After a 75 percent drop in enrollment, Minneapolis Public Schools Superintendent Bernadeia Johnson is proposing to close North High School.
Advocates for the school are promising a fight to keep the school open. That fight starts tonight, when they plan to protest outside a Minneapolis school board meeting.
There were more than 1,100 students attending North High School just six years ago. This year, there are just 265, and only about 40 of those are freshman who started this fall.
"The halls are really quiet when you're in there," said Dudley Voigt, an artist who works with theater and other arts programs at schools across Minneapolis.
Voigt was once the 'theater artist in residency' at North. She said students and teachers there were as sophisticated and engaged as she's ever seen.
But, she said, "it's quite strange to be in a high school and the bell rings and there isn't an explosion into the hallways."
Superintendent Johnson cited North's enrollment drop in a letter last week to the families of North students.
If the school board signs off on her plan, current North students will be allowed to keep going there, but no new freshman will be allowed next year. That would make this year's freshmen, the class of 2014, North's last graduating class.
School board Chairman Tom Madden says it's a painful choice, but one that has to be made, especially considering most of the city's seven high schools have seen enrollments fall.
"We don't have enough kids for seven high schools, no matter how you slice it, he said. "The district's been trying to bring in kids through other program additions and changes and boundary changes and it hasn't worked. And I personally think it hasn't worked because we don't have enough kids to begin with."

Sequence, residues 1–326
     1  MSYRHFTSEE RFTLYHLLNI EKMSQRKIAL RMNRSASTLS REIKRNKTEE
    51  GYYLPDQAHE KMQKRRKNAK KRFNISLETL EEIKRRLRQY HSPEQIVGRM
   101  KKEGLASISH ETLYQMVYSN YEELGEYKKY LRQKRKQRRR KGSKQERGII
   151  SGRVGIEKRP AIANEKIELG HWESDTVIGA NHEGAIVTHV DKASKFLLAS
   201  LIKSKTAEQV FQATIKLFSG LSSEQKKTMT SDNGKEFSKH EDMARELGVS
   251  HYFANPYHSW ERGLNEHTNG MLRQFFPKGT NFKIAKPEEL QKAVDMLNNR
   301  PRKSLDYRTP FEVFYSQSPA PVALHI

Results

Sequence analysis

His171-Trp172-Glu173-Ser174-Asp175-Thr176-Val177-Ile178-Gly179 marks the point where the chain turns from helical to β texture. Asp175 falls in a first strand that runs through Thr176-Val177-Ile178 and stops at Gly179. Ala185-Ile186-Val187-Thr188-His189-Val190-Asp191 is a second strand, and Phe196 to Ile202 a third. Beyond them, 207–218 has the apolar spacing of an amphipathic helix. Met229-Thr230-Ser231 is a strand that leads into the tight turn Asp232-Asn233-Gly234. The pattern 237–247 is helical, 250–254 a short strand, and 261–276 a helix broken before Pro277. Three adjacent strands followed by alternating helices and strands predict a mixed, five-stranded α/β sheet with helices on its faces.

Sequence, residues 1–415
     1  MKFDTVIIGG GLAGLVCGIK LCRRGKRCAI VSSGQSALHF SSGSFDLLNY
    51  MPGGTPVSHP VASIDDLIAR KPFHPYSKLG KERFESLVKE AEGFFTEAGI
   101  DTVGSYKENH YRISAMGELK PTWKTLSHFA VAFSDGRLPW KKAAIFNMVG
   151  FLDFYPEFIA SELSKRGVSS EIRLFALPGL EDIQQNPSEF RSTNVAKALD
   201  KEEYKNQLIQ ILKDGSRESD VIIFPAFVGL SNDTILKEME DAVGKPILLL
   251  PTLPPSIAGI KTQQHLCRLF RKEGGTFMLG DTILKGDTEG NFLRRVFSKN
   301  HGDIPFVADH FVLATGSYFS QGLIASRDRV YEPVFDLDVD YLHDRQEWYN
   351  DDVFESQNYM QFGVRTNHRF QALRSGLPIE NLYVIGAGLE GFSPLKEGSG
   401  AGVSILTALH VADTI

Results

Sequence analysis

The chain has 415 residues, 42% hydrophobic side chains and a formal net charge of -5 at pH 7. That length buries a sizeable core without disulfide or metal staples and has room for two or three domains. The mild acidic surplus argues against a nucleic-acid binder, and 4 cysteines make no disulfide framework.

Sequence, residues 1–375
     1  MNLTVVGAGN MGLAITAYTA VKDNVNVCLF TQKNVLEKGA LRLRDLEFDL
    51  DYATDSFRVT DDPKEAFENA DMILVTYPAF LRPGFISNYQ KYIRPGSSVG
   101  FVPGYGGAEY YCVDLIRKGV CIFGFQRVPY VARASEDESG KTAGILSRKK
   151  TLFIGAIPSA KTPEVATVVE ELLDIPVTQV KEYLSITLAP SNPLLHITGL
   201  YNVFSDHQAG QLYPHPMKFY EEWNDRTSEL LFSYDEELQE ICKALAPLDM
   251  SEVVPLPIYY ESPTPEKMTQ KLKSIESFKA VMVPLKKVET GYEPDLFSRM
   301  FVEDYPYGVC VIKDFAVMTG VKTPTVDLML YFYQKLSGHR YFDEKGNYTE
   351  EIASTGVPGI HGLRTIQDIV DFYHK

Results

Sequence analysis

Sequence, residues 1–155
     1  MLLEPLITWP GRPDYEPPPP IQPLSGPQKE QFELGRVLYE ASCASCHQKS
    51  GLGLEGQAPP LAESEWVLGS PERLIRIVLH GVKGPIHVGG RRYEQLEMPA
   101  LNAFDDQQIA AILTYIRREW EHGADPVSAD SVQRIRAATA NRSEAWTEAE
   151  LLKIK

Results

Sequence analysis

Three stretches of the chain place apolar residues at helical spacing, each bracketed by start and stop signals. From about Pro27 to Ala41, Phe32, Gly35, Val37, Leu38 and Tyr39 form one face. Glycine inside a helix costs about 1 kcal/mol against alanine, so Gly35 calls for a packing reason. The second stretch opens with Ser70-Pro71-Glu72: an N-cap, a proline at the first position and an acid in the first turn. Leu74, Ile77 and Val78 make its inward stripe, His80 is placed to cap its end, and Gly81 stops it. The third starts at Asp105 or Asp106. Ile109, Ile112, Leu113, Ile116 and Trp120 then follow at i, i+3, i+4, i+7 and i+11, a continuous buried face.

Madden says there are not enough students at north to justify paying for electives and after-school activities that match offerings at high schools with hundreds more students.
North High School has been a part of north Minneapolis for more than 120 years, though it's only been in its current building since the 1970s. The neighborhood now has a large African-American population, but also a large population in poverty. North High has long been a struggling school academically.
Critics of the closure say the district set North up to fail. North High alumnus and DFL state Rep. Bobby Joe Champion says the district has in previous years closed elementary and middle schools on the north side that fed into North High.
"I went to Lincoln Elementary Schools. Closed. Relatives of mine went to Willard. Closed. Some people went to Franklin. It's closed," he said. "To me all of this collectively speaks to what I understand to be a continued vision that seems to marginalize the folks in north Minneapolis."
Champion also says the district is losing students to charter schools and neighboring districts but not doing a good enough job of finding out why those students left and whether the district could lure them back.
A district spokesman disputes that, saying the district has tried several things, but in North's case, the numbers haven't rebounded.
North is the only high school in the city without an attendance zone, wchih means it's no one's default school. Even families living across the street from North are assigned to Henry or Edison. District leaders acknowledge that, but add the enrollment problem has been around longer than those attendance zones.
Kale Severson graduated from North in 2001 and now lives near the school. He's also president of the North Alumni Association and plans to protest before tonight's meeting.
"We've lost too many schools as it is over here, and if we lose North, I have serious doubts about this community rebounding and being a successful, thriving community," he said.
The Minneapolis School Board will only hear the recommendations on North tonight. A final vote is expected on Nov. 9.
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